Tag Archives: Innovation

From Old School To Bold School

One of my friends in professional education just shared this on LinkedIn (scroll down for the source file and original blog post):

From Old School to Bold School, indeed.

For me, I think that this slide totally speaks to the new culture of social collaboration we are creating on a daily basis. One quote from the author’s post really seemed to hit the nail on the head at least for me:

“Too few schools are incubators of curious and creative learners given their cultures of standardization, fear, and tradition. No doubt, external pressures exist that drive that culture. But if there ever was a time to shift gears, this is it.”

Replace “schools” with “companies” or “organizations”, and think about it for a minute.  This is the kind of message we need to bring to the forefront when explaining what social collaboration is all about, and why it is not only relevant, but vital in this day and age.  It’s all too easy for organizations and companies to stick to their playbook of tried and true norms when engaging in the daily grind… but no organization will survive in this new economic reality if they let their own “external pressures” (and fears about change) rule their decision-making processes.

Principal Reflections | From Old School To Bold School.

Principal Reflections

9 Cs


A slide straight from Will Richardson’s  NHASCD workshop on  April 4, 2014

The ease of rhyme in Will Richardson’s workshop title (old to bold) doesn’t diminish the difficulty of Will’s challenge for all of us in education. In 2014, we are faced with pressures from many directions creating enormous inertia against doing the right thing. We live in a land of compromise where we have to be satisfied with partial wins. For example, Common Core is probably better than what we had for standards, but most of us aren’t crazy about the way it rolled out. And, isn’t it irritating how the educational behemoths are profiting from Common Core? We also know that poverty is still the greatest impediment in student achievement, but most of us feel powerless to influence the broken government to fix this.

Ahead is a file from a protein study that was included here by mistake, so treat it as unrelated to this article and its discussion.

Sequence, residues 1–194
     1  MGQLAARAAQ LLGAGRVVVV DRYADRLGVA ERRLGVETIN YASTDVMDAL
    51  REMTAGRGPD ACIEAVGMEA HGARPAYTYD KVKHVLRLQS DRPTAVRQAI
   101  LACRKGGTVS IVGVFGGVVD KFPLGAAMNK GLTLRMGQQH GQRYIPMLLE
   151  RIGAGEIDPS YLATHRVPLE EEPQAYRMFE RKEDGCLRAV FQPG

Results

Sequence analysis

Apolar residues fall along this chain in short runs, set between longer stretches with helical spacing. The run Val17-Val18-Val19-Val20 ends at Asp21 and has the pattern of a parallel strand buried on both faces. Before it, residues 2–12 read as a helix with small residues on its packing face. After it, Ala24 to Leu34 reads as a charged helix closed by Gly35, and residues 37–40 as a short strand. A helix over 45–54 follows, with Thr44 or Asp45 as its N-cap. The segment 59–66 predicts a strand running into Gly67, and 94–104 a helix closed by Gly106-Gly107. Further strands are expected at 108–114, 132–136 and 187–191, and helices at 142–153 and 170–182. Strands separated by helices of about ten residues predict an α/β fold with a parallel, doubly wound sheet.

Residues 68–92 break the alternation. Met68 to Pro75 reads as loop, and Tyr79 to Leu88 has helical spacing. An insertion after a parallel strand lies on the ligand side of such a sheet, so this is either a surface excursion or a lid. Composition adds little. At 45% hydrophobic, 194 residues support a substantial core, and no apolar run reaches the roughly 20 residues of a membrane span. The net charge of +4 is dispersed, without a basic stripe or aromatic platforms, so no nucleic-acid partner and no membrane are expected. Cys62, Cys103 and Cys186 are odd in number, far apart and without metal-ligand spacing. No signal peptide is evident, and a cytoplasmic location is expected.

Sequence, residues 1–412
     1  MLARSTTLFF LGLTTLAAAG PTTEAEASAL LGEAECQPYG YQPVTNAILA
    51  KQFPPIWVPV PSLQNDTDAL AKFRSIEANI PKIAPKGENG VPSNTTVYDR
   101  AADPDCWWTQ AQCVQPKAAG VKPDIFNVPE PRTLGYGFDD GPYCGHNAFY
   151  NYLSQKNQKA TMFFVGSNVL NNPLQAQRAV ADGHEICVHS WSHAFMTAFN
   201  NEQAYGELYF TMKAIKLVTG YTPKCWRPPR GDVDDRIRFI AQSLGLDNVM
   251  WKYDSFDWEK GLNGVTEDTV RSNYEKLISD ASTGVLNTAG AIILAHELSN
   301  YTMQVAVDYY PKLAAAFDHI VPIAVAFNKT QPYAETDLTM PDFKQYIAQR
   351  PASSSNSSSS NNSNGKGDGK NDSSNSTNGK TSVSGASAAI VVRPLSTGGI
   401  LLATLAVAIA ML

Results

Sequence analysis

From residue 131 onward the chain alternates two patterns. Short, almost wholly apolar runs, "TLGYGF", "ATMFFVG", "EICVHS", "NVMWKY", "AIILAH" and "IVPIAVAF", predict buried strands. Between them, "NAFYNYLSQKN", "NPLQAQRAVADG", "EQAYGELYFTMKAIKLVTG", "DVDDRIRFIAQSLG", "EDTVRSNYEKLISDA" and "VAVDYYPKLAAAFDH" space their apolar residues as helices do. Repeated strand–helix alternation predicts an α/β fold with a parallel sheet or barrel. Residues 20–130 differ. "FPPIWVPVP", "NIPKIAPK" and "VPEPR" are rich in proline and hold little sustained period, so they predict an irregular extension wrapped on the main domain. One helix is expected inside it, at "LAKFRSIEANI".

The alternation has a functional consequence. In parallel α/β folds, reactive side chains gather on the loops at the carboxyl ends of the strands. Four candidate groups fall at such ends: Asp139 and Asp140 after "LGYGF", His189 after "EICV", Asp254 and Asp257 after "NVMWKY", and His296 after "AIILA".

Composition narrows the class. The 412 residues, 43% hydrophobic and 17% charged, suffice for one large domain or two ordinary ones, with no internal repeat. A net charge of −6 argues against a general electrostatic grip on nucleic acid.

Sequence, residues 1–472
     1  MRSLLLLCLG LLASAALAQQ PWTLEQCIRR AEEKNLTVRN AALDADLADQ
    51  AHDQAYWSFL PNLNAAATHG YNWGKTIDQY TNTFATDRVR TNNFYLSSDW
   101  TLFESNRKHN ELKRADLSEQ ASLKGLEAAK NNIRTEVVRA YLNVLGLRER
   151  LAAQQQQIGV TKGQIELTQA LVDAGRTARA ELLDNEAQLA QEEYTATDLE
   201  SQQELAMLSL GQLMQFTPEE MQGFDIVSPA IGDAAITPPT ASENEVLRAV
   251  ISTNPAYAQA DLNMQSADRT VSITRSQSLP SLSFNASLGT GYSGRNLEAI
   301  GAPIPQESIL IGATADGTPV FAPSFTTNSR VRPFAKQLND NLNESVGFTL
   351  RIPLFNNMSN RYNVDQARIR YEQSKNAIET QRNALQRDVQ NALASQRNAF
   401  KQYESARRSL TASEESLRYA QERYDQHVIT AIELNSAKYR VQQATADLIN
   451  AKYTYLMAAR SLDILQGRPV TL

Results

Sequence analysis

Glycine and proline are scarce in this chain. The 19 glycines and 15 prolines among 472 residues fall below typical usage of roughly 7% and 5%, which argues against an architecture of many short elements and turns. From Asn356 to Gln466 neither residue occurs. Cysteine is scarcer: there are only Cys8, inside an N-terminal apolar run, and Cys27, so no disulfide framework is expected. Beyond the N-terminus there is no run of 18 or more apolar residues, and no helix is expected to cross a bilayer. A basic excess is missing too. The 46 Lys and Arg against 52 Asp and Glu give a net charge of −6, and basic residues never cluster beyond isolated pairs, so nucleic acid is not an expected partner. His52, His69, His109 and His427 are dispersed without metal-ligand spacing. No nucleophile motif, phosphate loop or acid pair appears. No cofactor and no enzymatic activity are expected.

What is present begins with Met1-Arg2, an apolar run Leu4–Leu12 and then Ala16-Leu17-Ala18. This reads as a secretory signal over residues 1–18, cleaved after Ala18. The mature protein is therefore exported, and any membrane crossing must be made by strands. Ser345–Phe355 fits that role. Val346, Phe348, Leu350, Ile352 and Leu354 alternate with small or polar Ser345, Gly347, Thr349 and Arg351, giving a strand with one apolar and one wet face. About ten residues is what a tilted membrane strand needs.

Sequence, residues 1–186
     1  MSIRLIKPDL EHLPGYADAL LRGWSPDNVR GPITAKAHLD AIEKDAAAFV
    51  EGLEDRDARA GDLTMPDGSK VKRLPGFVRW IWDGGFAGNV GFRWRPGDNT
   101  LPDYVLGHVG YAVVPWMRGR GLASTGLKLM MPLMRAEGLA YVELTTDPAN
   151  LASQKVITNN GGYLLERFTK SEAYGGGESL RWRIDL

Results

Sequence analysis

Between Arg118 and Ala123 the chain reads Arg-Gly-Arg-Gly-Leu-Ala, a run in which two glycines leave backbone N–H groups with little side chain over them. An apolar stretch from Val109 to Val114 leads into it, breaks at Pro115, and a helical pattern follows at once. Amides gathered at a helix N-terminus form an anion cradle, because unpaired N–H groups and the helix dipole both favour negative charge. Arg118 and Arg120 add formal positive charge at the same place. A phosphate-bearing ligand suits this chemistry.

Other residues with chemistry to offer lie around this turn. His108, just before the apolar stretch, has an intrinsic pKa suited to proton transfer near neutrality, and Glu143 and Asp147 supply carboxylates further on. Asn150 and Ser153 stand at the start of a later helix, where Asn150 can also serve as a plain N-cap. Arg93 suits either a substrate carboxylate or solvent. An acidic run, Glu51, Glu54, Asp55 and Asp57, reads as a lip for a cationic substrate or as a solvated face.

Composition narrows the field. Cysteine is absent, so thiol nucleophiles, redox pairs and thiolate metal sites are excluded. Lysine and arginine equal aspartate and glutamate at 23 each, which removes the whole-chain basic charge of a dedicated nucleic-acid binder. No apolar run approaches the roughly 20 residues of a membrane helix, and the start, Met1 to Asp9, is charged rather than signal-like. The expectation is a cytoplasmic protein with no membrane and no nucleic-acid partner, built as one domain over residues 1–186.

Will spoke last Friday as part of NHASCD’s workshop series in Concord, NH…

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One Seattle Politician Explains Why She Voted To Regulate Uber

Here’s an example for those looking to stifle innovation, from the People’s Republic of Seattle, WA.
And to think, I always thought that the Lenin statue in Fremont was there for reasons besides art and irony.

TechCrunch

Prominent tech leaders flooded Twitter with outrage at Seattle’s decision to severely limit the number of private ride-sharing drivers from companies  such as Uber and Lyft “Corruption. Literally. Seattle’s politicians are corrupt,” wrote early Twitter investor and Obama supporter, Chris Sacca. “Wow. Seattle. You’ve lost your mind. This is how you fall behind in innovation,” tweeted Box founder, Aaron Levie.

Is this a clear-cut case of public corruption to protect a powerful political lobby, or is there a rational opposition that the tech community will have to win through hard-fought debate?

Fortunately, unlike some of the more rushed, secretive council meetings to regulate ride-sharing companies, Seattle has had plenty of time to air their grievances in public. And at least one local representative is refreshingly honest.

“I don’t want to ‘temporarily’ kill innovation, but I do want to buy a year for the taxi world to adapt,” wrote

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